Cheticamp (LaDigue) is a fishing harbour located in the village of Cheticamp, an Acadian fishing community of approximately 4000 people on the north-western coast of Cape Breton Island. Cheticamp was settled because of its proximity to lucrative fishing grounds and its deep natural harbour. Presently two main industries, fishing and tourism support the local economy. Situated on the scenic Cabot Trail, Cheticamp accommodates as many as 500,000 visitors each year, many of whom visit the facilities.
Annual landings at Cheticamp (LaDigue) are approximately 5,600,000 Kg for a landed value of $18 M. There are 53 homeport vessels and approximately 60 transient vessels, involving 166 active fishers, which use these facilities. These include approximately 33 large crab vessels owned and / or operated by the First Nation (FN) community. Locally, approximately 50% of the Area 19 crab fishers unload their catch at the Cheticamp facilities. Regionally, Cheticamp (LaDigue) caters to transient vessels involved in the herring fishery, offshore crab fishery (Area 12) and the groundfish fishery. Inter-regionally, there are vessels from the Madeleine Islands and Newfoundland that unload groundfish and crab at this location. In the past, the harbour has been a destination to disembark cruise vessel passengers, as host to the « tall ships » and as an industrial site for the repair and refitting of vessels for international usage. The harbour is also used by the Canadian Coast Guard; Conservation and Protection Branch and the Science Branch of the Federal Department of Fisheries & Oceans for research vessels to survey fish stocks. There is a large fish processing plant located in Cheticamp which employs approximately 200 people from various surrounding communities including Inverness, Margaree, Grand Etang and Pleasant Bay. Cheticamp is also home to recreational fishing and boating, eco-tourism involving kayaking, whale watching operations and a deep sea fishing cruise vessel.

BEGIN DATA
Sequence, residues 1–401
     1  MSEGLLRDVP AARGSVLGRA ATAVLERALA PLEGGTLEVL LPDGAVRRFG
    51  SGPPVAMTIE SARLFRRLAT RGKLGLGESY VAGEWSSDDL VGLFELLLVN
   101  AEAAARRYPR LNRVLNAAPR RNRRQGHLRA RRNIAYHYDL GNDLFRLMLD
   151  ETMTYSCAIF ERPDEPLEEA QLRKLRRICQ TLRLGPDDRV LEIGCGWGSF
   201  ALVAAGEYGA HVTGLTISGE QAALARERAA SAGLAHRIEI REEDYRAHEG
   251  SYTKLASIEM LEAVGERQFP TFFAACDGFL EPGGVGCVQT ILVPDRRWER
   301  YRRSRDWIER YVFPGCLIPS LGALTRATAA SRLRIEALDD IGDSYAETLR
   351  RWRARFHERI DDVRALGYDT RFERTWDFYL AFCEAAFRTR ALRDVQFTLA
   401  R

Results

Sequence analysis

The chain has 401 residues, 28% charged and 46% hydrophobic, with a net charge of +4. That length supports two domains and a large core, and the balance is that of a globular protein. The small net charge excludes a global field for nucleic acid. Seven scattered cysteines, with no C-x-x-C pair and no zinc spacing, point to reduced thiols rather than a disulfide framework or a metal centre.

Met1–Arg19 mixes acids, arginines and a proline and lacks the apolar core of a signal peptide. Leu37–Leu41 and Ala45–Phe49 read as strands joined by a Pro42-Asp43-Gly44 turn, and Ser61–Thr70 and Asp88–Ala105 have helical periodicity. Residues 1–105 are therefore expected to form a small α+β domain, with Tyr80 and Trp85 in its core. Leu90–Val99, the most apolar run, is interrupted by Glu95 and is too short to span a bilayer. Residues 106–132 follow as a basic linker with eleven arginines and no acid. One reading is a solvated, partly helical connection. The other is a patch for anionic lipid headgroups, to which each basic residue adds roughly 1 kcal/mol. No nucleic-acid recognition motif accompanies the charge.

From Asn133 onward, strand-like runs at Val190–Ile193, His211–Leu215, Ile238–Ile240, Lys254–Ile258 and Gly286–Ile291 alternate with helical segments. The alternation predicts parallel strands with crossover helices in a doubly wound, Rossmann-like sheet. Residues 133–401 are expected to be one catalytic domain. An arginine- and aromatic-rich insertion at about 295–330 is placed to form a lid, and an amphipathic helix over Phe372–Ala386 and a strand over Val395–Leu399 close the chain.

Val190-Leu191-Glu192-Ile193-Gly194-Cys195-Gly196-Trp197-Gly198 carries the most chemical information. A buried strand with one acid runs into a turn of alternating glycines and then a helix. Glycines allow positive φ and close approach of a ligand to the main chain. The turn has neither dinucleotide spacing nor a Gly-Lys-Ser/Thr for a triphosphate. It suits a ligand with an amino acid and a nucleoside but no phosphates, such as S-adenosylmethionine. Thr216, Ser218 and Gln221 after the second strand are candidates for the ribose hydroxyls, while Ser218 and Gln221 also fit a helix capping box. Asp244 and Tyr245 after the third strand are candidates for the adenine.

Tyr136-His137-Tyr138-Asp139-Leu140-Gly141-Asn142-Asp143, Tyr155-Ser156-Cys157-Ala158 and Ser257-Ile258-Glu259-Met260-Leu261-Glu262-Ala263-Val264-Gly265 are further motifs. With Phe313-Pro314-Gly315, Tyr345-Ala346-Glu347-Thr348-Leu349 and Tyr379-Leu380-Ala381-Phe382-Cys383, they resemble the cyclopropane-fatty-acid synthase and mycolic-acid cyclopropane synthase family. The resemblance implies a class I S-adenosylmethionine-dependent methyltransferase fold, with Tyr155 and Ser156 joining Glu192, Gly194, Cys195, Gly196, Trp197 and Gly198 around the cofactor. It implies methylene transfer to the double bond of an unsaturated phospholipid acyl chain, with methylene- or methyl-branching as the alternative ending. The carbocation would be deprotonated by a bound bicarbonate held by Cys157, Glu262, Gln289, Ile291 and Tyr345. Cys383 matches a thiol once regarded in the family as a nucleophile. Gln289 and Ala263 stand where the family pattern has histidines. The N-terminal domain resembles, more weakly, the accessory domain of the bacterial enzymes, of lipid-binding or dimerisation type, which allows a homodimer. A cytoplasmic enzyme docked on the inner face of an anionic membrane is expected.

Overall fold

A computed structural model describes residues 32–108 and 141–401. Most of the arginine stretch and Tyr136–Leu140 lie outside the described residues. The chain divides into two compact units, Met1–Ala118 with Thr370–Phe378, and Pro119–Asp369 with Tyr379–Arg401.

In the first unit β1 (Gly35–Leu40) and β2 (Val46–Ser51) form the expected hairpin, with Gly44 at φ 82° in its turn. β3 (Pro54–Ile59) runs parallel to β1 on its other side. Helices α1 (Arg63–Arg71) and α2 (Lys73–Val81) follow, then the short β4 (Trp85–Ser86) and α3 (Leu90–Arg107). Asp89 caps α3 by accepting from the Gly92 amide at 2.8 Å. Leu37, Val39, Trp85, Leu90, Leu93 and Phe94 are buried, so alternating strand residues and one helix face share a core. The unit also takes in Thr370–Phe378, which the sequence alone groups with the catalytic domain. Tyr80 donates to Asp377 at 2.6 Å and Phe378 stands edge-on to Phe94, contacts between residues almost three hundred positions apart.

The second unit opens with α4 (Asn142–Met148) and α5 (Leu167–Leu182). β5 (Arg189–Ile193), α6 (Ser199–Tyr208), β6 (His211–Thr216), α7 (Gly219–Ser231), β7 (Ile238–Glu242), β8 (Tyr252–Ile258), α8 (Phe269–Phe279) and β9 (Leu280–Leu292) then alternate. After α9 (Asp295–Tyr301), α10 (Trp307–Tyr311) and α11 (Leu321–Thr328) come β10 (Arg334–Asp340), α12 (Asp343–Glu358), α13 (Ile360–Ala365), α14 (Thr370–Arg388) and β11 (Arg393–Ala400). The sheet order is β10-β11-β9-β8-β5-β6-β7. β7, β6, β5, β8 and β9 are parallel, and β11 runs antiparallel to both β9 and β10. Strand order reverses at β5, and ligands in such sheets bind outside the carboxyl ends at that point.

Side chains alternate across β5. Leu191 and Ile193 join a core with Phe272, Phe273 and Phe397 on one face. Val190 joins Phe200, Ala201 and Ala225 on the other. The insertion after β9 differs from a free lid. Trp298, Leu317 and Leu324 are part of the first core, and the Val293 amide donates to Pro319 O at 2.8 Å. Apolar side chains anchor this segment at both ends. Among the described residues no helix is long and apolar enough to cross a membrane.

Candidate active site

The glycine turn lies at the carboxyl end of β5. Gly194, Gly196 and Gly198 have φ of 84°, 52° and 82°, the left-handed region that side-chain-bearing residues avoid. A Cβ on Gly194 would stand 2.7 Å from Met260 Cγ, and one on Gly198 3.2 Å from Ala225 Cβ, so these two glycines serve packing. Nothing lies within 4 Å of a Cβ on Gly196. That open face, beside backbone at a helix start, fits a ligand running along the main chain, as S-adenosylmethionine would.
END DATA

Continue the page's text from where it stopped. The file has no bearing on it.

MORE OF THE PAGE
c. 1867-1882 The re-dredging of the entrance channel to Cheticamp harbour has been an on-going maintenance project since the completion of the first channel dredging in 1867. The present rate of infilling has led to the requirement for completion of a major re-dredging project on a seven to ten year schedule.
Services & Fees: Refer to Services & Fees page
Operational / Safety Plan
- Safety: Hazard Assessment of Site (PDF file)
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